Tucked away from the picture menus and badly burnt tourists (Ahem... mainly Brits but you have to admire them for it as they are masters in sporting great tan lines) wandering the streets of Dalyan town, Grenadine Lodge is a mini haven to get some R&R.

It's surrounded by fields of pomegranate and orange trees, all the rooms overlooking a large pool shaded by a few palm trees. The staff go out of there way to make you feel at home. So much that you don't ever want to leave, and after each trip into town you realise how much nicer it is at the lodge.

Our group of 'retreaters' consisted of a team of 8, plus our wonderful teacher, Jana who originally hails from Austria. At 07:30 each morning the day would begin in the thatched hut with a hour and half yoga session. A series of sweaty asana sequences would soon wipe away any bleary, sleepy eyes and you'd immediately feel wide awake.

Jana was a fantastic teacher who was able to share her 20 years of knowledge with positivity and encouragement. 

After that, breakfast. Followed by pool time. Another evening hour and half yoga session and then the day ending in a delicious vegetarian Turkish dinner.

The week wasn't all sweaty gym gear and chlorine stinking swimwear. 

Iztuzu is a short Dolmus ride away where you can chill at the beach and visit the local turtle hospital. Run on donations from the public, turtles who have been beaten and bashed by boats or local fisherman are often taken to this sanctuary to recoup with the hope of a full recovery. Shells missing and huge chunks taken out of their heads, it's a sad reality to see what mankind can do to these harmless creatures. A tank filled with water and baby turtles is the small part of hope for these creatures that they will survive and continue on. I take my hat off to the locals and English volunteers working there over Summer who answered our questions and do such an amazing job.

Back onto the theme of body cleansing... the mud baths are a famous spot to visit in Dalyan. The locals believe that a few trips to the mud baths will help you looks 10 years younger. I can't guarantee this but I can promise you that you will walk away with baby soft skin and stinking of sulphur from the thermal pools.

I won't bore you for too much longer. This week wasn't about 'being a traveller.' I wasn't on any massive adventure (unless you count a few bike rides into town that ended in getting lost down some side street surrounded by fields and stray dogs). So I don't have juicy stories to tell about life on the road whilst you tuck into your M&S sanga for lunch (I hope you treated yourself to the meal deal) or are stuck in traffic on the drive home from work.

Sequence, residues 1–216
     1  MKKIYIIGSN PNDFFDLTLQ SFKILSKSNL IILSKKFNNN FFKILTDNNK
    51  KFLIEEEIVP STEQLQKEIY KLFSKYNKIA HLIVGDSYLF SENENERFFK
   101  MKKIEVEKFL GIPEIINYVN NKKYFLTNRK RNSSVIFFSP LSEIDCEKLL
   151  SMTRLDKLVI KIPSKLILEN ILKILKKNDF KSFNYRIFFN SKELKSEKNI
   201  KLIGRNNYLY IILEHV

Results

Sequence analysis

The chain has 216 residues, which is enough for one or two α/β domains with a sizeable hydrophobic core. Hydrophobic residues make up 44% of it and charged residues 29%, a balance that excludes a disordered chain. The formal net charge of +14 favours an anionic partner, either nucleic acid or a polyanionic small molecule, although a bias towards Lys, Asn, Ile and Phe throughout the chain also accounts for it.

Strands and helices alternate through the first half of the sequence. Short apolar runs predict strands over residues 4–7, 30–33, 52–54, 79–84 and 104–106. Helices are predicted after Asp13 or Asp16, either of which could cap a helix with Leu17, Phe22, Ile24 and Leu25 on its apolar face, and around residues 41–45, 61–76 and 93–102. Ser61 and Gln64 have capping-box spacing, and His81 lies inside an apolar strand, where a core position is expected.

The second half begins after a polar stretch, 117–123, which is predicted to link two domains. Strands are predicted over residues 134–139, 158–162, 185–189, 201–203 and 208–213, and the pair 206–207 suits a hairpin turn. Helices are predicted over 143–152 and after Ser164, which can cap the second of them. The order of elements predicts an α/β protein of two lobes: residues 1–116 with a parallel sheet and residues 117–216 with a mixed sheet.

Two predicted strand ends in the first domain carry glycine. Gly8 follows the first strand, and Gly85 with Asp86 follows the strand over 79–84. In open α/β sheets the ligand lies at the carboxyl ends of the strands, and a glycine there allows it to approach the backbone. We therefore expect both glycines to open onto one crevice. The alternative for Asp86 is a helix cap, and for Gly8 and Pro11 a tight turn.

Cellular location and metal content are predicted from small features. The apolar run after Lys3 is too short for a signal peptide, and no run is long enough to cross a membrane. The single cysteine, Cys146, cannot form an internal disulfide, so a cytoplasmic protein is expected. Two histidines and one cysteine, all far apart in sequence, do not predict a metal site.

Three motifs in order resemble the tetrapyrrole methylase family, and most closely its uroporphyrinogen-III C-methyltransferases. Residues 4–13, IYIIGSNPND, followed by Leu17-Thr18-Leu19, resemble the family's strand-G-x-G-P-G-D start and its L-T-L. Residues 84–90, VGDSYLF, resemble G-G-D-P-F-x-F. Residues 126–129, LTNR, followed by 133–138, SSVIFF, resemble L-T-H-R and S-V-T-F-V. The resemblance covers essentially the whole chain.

But this was a great pit stop in the slow crawl home and I can say that I do feel like my body is a temple again. I'm sure this will have changed after a week of living like a backpacker again, not knowing when your next meal will be and enjoying each sunset with a cold beer or cocktail in hand.

Toodle pip x

Famous Lycian Tombs of Dalyan.

Iztuzu Beach.

Itzuzu Beach.

Dalyan and The Turtles.

Best market pancakes.

Dalyan town.

Dalyan town.

Mud slinging.

Charlies Angels?


Monday, 22 July 2013

Calis: In Turkey I can have my cake and eat it too.

Nothing much to say here. 

There seems to be crumbs and remnants of wine everywhere....

Oh and I feel sick from eating too much Birthday cake.

Toodle pip x

PS: Thanks Giselle for entertaining everyone in the entire restaurant (including a surprised me), with the Birthday cake.

Sunday, 21 July 2013

Ölüdeniz and Butterfly Valley: Two places close in proximity but worlds apart.

Ölüdeniz is certainly the answer to why this part of Turkey is labelled the Turquoise coast.

Unfortunately, in my eyes, it's also a perfect example of a pretty spectacular area getting 
destroyed by an influx of a certain type of holiday maker.

Coming from Fethiye, it's about a 25 minute drive. Catching a Dolmus is the best way we've learnt to get around the coast. Pronounced 'Dole-Moosh', the 'buses' are pretty much large vans, decked out with a few handrails to ensure that everyone packed in like sardines can still hold onto something if they are stuck standing up. It makes for an entertaining (but not always fast) ride around for only a few Lira each way. Waving them down can often be a luck of the draw on who will stop for you. 

Driving along, every single restaurant you start to pass in the more built-up areas have the classic sign out front saying, 'Full English Breakfast here.' 

I thought we were in Turkey? 

How about that cultural experience.

I guess the picture menu may work for some, (as long as there is a picture for fries too as you wouldn't want to get that basic side confused) but for me it's a nono I try to avoid.

If you can turn a blind eye to all of this and the punters that match you may remember that your still in Turkey. Which is nice.

Bobbing up and down in the ocean are various Turkish Gullets, the wooden boats that will take you just about anywhere including Butterfly Valley.

It's a 20 minute ride along the coast to this spot. Coming into the bay you soon forget about where you were before as both are worlds apart but still share the same beautiful electric turquoise waters.

I think people expect something to be there, some sort of attraction when they arrive to Butterfly Valley and many go away feeling disappointed. (Dare I admit it but I did read this from people who had left reviews on Trip Advisor). 

There isn't much there. There certainly isn't any mass tourism. Or picture menus.

And that is why I liked it.